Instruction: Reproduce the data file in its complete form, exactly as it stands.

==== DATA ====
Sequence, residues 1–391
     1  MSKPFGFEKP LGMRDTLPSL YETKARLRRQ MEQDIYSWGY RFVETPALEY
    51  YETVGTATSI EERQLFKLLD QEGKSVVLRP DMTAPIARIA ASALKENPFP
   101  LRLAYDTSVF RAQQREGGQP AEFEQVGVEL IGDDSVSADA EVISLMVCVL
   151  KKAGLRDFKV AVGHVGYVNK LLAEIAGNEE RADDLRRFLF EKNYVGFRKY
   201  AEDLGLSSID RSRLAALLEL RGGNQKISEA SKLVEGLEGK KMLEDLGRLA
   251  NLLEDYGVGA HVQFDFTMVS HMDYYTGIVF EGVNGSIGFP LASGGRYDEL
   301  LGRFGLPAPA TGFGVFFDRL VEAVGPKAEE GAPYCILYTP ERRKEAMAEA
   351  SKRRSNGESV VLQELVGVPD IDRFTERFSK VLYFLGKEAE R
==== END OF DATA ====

Sequence, residues 1–391
     1  MSKPFGFEKP LGMRDTLPSL YETKARLRRQ MEQDIYSWGY RFVETPALEY
    51  YETVGTATSI EERQLFKLLD QEGKSVVLRP DMTAPIARIA ASALKENPFP
   101  LRLAYDTSVF RAQQREGGQP AEFEQVGVEL IGDDSVSADA EVISLMVCVL
   151  KKAGLRDFKV AVGHVGYVNK LLAEIAGNEE RADDLRRFLF EKNYVGFRKY
   201  AEDLGLSSID RSRLAALLEL RGGNQKISEA SKLVEGLEGK KMLEDLGRLA
   251  NLLEDYGVGA HVQFDFTMVS HMDYYTGIVF EGVNGSIGFP LASGGRYDEL
   301  LGRFGLPAPA TGFGVFFDRL VEAVGPKAEE GAPYCILYTP ERRKEAMAEA
   351  SKRRSNGESV VLQELVGVPD IDRFTERFSK VLYFLGKEAE R